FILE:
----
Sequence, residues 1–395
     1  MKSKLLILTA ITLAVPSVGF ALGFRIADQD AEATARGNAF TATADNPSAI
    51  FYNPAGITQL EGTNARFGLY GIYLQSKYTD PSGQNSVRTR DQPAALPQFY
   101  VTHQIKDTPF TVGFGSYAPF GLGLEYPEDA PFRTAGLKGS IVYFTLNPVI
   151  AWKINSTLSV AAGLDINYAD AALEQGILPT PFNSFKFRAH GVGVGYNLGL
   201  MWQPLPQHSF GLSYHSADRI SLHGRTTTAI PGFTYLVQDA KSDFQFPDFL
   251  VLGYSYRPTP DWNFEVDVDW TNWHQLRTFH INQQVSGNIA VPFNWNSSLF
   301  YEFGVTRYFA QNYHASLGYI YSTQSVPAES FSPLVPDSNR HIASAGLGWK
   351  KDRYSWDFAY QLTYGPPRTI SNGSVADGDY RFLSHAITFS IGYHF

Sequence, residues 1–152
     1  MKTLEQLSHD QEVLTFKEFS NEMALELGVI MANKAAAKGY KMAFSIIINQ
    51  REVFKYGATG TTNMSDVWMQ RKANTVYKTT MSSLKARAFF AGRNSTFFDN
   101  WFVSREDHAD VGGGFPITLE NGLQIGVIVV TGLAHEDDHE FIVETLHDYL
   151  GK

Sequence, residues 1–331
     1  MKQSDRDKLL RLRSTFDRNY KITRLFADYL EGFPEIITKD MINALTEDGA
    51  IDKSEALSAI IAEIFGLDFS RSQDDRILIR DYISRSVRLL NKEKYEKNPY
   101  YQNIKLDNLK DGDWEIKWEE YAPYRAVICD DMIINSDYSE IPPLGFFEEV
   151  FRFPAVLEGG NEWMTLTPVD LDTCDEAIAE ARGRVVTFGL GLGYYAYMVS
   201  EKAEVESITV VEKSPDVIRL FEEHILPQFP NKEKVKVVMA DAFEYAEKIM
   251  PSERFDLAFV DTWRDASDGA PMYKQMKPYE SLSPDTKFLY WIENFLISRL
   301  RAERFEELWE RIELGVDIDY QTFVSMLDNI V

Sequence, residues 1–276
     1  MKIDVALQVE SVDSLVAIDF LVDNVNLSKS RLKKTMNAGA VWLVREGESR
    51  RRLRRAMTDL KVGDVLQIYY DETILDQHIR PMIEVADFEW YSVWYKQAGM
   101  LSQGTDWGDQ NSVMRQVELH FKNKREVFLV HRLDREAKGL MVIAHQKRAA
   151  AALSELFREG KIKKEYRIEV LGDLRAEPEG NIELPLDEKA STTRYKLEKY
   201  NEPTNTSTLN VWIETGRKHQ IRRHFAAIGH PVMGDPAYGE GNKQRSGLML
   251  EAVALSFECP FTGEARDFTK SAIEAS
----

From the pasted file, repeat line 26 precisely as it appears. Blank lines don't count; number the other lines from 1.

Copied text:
   101  LSQGTDWGDQ NSVMRQVELH FKNKREVFLV HRLDREAKGL MVIAHQKRAA